that shows a scene, how many people do you see?
How are they similar and different?
One girl is wearing a red shirt and the other is wearing yellow.  What can we listen for: boy/girl, clothing
colors, actions, locations, hair color, if wearing glasses, etc?  You can probably follow up this activity with
a barrier game where your students provide the descriptions and their peers
must locate the characters.

 

Auditory Closure
(sentence completion):

 

I thought this activity was hysterical!   There was a screen telling the students a
message that kept getting cut out (realistic right?!).  The students had to listen and use clues and
background knowledge to figure out what word is missing from the message.  They are provided choices by putting the
mouse over the different colored boxes.
They must listen to the choices and remember the sentence they heard as
well!  Then they click the box that has
the correct missing word to complete the sentence.  Some phrases of sentences included: “peanut
butter and _____” and “Jack and Jill fell up a _____.”  It was very interesting to see which students
had difficulty with this task.  It
required many skills!  They had to
attend, listen, and use reasoning skills to think and find the answer.

 

Memory for WH
Information (2-3 sentences/2-4 Questions):

 

For this activity, students will listen to a plan and must
respond to a wh- question based on information heard.  It is important to remind your students to
listen (and take notes if capable) for who, what, where, when, and why of the
information heard.  One feature I liked
about this was the ability to hear the information again.  My students got so focused on the question
they forgot what they heard.  I worked
with them to click to hear again instead of guessing.  I used mini dry erase boards with Boardmaker
symbols taped on to create a “graphic organizer” for note taking.  This made note taking fun and motivated while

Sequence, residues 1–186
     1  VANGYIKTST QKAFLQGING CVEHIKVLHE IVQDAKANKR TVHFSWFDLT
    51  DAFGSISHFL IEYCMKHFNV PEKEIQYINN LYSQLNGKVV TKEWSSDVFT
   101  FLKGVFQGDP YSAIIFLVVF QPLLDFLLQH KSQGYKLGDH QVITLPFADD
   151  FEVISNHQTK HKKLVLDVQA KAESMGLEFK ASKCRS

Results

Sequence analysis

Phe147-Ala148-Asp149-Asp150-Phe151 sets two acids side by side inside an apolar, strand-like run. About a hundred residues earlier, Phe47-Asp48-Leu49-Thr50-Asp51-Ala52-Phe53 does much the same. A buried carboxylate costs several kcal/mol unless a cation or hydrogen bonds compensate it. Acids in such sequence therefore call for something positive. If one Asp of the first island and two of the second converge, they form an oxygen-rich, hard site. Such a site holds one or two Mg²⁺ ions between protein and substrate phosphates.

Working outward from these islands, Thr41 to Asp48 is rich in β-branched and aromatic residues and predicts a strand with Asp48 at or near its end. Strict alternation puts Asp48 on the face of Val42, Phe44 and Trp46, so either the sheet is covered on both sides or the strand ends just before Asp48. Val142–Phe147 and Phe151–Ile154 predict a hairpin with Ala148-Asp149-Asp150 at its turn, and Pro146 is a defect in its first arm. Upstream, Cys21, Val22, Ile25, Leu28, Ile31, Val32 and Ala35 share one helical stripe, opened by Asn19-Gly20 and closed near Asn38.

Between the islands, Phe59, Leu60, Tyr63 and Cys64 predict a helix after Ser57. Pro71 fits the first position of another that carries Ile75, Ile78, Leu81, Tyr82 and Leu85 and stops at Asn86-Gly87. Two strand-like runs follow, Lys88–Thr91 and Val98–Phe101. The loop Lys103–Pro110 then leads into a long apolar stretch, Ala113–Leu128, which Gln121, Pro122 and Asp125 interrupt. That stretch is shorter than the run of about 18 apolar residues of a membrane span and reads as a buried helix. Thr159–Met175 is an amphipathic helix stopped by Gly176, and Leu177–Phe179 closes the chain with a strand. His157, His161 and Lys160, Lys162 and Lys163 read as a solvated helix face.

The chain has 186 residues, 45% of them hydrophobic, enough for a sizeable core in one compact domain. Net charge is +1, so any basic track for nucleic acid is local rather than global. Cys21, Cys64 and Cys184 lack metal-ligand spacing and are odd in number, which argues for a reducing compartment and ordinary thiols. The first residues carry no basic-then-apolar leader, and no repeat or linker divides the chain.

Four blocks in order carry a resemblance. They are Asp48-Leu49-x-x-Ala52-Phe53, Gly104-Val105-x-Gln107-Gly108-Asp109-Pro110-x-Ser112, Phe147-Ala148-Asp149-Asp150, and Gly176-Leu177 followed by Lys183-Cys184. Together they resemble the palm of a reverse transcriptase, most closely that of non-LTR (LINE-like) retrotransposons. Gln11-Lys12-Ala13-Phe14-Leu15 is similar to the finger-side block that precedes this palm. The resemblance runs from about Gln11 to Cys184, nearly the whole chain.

we played the game.  It is a great skill
for students to work on and correlates to expectations in the classroom.

 

Overall, I think this program is great!  It allows you to modify and create individualized
settings.  You can monitor progress and
email/print scores (data collection woohoo!).
Since it is the end of the school year, it is difficult to tell you how
my students progressed over time (I only received the program last week!).  But I have some ideas of how I want to
incorporate this program into my sessions next year.  I plan on selecting several students that I
feel will truly benefit from it.  I will
teach each strategy and good listening behaviors.  I always use “whole body listening.”  I will try and post some materials I use for
that another time.  I will try and use
this program in the beginning to collect a baseline.  I will determine which tasks were the most
difficult at what levels and complexities.
Based on this information, I will create different lessons to build
memory and practice using strategies: repeating to self, asking for repetition,
note taking, listening for key words, making guesses using clues, singing to
self to help recall, picturing it in your head, mnemonic devices, chunking,
etc.  As a reward, I will let the
students play on the computer using this program.  I will monitor the progress through the data
collection feature and work accordingly.
I think this program is great to reinforce yet teach at the same time.

 

 

Does this program align with common core state standards?
YES!!  If you visit the Super Duper
Website, you can view it for yourself.
View the “learn more” page here for links to information regarding
research and common core.  It also has
more tables that demonstrate the difference in the two editions.

 

Are you intrigued yet??
I hope so!!  Check this product
out, read reviews, watch videos, read research, and try it out on their
website.  It also shows the different
strategies that you can copy and print for your students!   I recommend this program for all
speech-language pathologists working with school-aged children with poor
auditory memory/comprehension, processing difficulties, and weaknesses in
attending to auditory information.  Have
you used this program?  What do you
think?!  http://www.hearbuilder.com/auditoryMemory/